4. He doesn't have a support system.

How can a woman be in a successful relationship with a man grappling with trust? First and foremost, the work to move beyond his trust issues is his alone, and the most a woman can do is offer her patient, compassionate support.

What does that look like? Men with trust issues are typically insecure around their partner’s love and frequently ask her for reassurance. A hug, a compassionate smile, or a simple declaration of love can all help a man feel that he can trust.

But the caveat to this support is that a woman can’t take on a man’s trust issues as hers, but rather support him in his work. A man with trust issues needs a partner, not a codependent.

5. He still has unfounded concerns from spilling over from his past.

My trust issues were cemented by a violent, abusive boyhood. My father taught me by example that men couldn’t be trusted, and my mother followed his lead. As a consequence, I wasn’t a piece of cake for any woman until I began doing the difficult work around my trust issues.

While I’ve learned to open my heart, those trust demons still pop up occasionally. When they do and I'm finding it difficult to let them go, I ask my partner if she still loves me, to which she asks if I’m fishing, which is her way of letting me know my concerns are unfounded.

When I consider the myriad of men I’ve worked with over the years, it’s clear my trust issues aren’t unique.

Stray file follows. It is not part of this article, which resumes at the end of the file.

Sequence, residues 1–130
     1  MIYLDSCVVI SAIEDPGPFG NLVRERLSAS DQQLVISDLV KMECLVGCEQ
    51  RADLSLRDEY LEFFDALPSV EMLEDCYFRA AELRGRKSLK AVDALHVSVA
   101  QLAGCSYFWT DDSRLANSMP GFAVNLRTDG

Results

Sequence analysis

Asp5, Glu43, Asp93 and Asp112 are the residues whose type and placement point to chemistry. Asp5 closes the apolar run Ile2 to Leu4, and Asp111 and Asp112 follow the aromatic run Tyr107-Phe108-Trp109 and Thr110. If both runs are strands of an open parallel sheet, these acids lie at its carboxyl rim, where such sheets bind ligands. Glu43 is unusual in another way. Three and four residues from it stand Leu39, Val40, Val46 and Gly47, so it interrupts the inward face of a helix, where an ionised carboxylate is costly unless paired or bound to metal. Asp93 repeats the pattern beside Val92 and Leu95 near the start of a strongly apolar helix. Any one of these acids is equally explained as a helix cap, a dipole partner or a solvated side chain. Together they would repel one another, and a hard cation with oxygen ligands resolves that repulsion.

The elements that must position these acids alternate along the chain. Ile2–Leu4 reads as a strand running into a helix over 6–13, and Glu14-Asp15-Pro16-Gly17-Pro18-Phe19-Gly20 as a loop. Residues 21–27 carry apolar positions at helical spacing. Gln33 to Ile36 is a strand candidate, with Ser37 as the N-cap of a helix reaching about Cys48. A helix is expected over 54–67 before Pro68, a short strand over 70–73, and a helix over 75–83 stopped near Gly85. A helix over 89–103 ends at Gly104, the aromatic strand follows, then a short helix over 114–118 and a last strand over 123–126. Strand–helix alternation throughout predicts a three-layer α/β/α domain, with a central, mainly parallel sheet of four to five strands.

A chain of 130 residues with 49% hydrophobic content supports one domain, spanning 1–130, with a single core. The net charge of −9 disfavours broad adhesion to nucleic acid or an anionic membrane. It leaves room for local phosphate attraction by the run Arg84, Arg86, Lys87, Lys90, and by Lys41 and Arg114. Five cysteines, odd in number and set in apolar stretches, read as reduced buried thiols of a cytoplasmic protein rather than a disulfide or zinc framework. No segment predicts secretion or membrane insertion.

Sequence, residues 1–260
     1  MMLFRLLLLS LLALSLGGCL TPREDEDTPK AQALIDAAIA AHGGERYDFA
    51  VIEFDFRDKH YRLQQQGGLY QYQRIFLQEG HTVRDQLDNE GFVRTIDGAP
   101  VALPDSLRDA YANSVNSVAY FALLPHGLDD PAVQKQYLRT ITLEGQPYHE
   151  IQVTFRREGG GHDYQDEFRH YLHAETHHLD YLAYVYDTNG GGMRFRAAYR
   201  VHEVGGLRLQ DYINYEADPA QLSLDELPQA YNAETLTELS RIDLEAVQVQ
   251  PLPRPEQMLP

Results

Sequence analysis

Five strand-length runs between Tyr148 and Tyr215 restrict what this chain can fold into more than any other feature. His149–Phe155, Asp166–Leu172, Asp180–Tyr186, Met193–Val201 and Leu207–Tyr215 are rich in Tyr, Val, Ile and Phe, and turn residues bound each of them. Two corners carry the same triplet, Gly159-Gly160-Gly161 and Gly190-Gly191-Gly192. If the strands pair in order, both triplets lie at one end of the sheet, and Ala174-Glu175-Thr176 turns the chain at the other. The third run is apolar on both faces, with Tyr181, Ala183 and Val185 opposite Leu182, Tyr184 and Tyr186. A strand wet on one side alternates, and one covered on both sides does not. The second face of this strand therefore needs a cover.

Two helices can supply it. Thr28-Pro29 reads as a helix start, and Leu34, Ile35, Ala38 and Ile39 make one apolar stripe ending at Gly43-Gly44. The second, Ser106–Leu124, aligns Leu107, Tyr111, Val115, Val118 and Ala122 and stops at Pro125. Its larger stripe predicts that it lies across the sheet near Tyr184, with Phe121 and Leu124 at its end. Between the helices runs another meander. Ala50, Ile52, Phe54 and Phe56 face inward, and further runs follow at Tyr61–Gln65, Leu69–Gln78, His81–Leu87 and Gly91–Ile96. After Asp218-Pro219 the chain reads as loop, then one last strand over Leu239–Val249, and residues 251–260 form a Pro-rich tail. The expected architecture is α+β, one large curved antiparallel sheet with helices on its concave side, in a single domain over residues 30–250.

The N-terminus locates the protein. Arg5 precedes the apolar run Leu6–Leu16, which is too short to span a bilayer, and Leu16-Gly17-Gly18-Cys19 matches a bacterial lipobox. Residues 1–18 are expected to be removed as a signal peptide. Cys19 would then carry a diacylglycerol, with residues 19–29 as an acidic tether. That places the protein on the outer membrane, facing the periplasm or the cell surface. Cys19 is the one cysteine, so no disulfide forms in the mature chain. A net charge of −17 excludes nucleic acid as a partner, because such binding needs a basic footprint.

6. He was betrayed by a woman before you.

A woman’s betrayal is another event that can shut a man’s heart down and prevent him from trusting women again. A man who has been betrayed and had his feelings crushed isn’t going to willingly repeat that experience.

Part of the problem is that few men face their pain, heal their wounds, and ignore it until it festers and affects his ability to be emotionally open or honest. A man’s fear of having his heart broken again lives in his psyche until he comes to grip with it.

7. He hasn't yet done his work.

I counsel men individually, and I urge those that don’t seek counseling to become involved with other men in confidential groups where they can trace the source of their trust issues together and resolve them. I urge women to encourage men to pursue this work with other men, because it will improve the quality of their relationship.

When the women I coach ask what they should look for in men my suggestion is to date a man who has faced or is facing his issues in therapy, a man’s group, through reading books about his issue, who has problem resolution skills, and an emotional vocabulary.

Every relationship faces difficult times, and a man who hasn’t learned problem resolution skills will find resolving relationship issues impossible.

These skills aren’t innate in many men, but learned instead. Emotional health is as important as physical health for partners in a relationship.

I urge men harboring trust or other demons to work on them before beginning a relationship. Showing up whole, or on the mend is only fair.

RELATED: 5 Ways To Keep Trust Issues From Destroying Your Relationship

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Ken Solin is a dating expert whose writing has appeared in The Huffington Post, AARP, and About.com.